As soon as Brentford lost the ball in midfield, manager Thomas Frank knew what was coming. "A signature Liverpool counter-attack", as he put it. And the outcome is nearly always the same. "Into Salah, bang, goal!" And he wasn't wrong.
After taking a pass from Darwin Nunez in his stride, Mohamed Salah calmly passed the ball into the back of the net to put Liverpool 1-0 up six minutes before the break in a game that had been evenly balanced until that point.
Salah scored again as Liverpool eventually ran out easy winners, but Jurgen Klopp paid Frank quite the compliment in his post-match press conference. "More than 20 years ago, when I started my [coaching] career, I wanted to create a team that nobody wanted to play against," the German told reporters at Anfield. "We faced that team today."
However, when it was Frank's turn to speak to the media, he felt the spotlight should shine not on the Bees, but the man who had effectively proved the difference between the two sides. "Mo Salah..." the Dane began, with an unmistakable mix of awe and resignation in his voice. "Klopp is praising me a lot but I don't know if Salah gets enough praise. I think he is potentially the best player in the Premier League.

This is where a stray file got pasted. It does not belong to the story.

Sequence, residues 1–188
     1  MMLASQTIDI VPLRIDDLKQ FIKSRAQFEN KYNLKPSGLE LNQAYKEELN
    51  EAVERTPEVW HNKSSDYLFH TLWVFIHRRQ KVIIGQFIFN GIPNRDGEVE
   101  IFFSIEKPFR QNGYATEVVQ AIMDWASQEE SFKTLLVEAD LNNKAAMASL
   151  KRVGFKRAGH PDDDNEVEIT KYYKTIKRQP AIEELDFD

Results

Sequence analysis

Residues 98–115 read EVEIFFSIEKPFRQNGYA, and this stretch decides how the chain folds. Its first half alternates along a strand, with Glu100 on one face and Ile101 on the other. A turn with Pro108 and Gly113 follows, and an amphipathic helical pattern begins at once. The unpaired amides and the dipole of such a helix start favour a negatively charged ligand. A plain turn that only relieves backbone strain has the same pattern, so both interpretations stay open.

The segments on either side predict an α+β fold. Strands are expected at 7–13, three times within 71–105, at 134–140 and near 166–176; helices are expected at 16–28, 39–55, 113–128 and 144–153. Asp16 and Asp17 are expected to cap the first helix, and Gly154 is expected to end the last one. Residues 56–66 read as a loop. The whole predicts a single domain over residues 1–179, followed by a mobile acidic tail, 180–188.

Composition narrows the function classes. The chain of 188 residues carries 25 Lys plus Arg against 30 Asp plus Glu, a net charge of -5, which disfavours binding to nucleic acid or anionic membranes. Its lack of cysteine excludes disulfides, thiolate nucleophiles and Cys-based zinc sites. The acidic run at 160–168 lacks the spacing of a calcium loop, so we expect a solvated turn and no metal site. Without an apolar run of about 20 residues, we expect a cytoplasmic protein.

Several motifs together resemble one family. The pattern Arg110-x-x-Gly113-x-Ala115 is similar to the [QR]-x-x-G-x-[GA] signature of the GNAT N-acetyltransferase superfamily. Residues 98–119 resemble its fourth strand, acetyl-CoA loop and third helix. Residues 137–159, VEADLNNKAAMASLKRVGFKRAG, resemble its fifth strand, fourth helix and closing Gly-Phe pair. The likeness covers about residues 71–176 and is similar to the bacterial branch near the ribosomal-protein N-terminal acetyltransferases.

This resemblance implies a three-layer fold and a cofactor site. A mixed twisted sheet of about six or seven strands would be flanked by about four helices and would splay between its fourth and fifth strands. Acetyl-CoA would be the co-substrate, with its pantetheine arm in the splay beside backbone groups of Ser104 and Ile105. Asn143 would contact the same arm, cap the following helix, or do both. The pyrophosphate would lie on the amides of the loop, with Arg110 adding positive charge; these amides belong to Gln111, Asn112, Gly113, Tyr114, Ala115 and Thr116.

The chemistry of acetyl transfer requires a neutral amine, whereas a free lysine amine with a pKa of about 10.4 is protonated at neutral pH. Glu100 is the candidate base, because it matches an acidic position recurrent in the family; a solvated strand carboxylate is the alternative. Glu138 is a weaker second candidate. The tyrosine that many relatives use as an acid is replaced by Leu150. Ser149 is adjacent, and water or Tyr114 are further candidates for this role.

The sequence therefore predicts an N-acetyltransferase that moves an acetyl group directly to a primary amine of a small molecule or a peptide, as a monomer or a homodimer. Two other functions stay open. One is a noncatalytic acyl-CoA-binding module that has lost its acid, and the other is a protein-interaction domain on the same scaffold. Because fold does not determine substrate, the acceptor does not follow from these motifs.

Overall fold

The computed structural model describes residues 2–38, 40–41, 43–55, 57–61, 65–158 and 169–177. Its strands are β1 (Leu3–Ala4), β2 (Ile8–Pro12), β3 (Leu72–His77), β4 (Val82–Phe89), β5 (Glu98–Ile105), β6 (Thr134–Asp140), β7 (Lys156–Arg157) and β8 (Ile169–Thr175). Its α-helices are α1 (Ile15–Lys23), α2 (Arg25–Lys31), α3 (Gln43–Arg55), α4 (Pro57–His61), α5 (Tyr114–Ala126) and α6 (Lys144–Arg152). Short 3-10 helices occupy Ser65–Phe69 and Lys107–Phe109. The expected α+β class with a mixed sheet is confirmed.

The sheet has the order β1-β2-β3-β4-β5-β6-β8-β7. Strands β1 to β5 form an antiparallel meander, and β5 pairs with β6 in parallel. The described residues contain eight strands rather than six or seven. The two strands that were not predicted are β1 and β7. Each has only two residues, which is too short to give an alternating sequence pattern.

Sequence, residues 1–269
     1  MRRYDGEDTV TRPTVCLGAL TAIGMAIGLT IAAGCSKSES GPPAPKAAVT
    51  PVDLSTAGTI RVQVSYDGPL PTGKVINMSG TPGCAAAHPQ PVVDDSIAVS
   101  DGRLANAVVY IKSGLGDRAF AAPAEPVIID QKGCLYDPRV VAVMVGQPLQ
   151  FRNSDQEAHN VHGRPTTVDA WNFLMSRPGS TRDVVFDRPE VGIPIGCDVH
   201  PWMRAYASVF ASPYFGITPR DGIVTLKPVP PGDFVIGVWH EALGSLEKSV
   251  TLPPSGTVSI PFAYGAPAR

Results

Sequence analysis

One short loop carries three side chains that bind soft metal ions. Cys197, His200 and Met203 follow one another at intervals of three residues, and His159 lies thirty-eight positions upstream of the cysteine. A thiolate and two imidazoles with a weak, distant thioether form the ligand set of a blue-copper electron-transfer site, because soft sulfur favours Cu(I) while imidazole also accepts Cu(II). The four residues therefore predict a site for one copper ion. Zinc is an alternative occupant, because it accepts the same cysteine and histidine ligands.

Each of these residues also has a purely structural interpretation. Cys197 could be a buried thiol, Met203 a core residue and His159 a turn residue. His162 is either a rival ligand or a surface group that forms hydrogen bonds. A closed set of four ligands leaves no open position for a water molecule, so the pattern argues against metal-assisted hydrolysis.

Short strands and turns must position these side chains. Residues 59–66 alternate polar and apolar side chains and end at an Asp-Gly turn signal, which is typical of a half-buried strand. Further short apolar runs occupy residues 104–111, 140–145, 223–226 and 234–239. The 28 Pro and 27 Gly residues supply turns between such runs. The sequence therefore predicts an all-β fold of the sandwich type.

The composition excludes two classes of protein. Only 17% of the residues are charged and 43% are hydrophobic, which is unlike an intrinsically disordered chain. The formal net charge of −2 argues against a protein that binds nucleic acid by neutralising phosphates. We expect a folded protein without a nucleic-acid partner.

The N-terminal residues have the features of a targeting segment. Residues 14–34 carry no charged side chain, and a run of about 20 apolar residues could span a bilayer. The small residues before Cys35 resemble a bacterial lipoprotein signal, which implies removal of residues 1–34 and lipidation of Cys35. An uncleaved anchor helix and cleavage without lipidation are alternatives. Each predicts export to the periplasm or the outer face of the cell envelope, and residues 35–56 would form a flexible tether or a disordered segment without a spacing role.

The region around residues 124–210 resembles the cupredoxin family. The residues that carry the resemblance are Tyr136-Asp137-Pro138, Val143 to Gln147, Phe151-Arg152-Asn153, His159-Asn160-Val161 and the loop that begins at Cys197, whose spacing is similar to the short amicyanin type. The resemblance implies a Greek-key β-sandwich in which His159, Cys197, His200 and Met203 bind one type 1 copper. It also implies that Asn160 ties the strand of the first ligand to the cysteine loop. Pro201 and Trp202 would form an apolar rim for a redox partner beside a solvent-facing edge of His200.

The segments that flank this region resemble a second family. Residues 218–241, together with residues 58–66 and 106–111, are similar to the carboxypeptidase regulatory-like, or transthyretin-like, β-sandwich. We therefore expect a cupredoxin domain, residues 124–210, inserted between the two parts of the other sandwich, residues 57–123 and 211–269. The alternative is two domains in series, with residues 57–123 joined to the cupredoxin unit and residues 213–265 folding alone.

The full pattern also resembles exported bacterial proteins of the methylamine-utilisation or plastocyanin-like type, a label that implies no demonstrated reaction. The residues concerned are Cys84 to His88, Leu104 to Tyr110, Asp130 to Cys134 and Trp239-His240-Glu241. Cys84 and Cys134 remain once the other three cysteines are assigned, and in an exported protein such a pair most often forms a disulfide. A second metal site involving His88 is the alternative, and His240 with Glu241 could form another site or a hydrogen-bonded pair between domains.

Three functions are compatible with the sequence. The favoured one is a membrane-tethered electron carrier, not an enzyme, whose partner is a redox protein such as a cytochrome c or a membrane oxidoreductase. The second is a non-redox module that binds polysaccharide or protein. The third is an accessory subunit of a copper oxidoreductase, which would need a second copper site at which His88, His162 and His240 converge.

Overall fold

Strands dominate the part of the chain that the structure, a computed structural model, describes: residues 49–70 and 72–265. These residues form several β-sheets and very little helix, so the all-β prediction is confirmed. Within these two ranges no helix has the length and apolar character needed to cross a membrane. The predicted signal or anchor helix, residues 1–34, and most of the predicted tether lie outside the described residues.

"In terms of goals and assists, what a level! He must be one of the best offensive players in the world - and not like top 10 - but top three. So, when you have a player of that quality, you just know you are going to have problems. Even on the first goal, it's not every player that scores in that situation, so that just shows his qualities."
Salah's clinical finish was unsurprising, of course. Klopp had pointed out himself that as soon as the ball arrived at Salah's feet inside the Brentford box, "there was no doubt" as to what would happen next. Because there is a sense of inevitability about the Egyptian getting on the scoresheet for Liverpool, so much so, in fact, that his weekly heroics are often taken for granted.
Salah has made the remarkable routine - which is why Frank is 100 percent correct when he says that the forward often doesn't get the credit he deserves.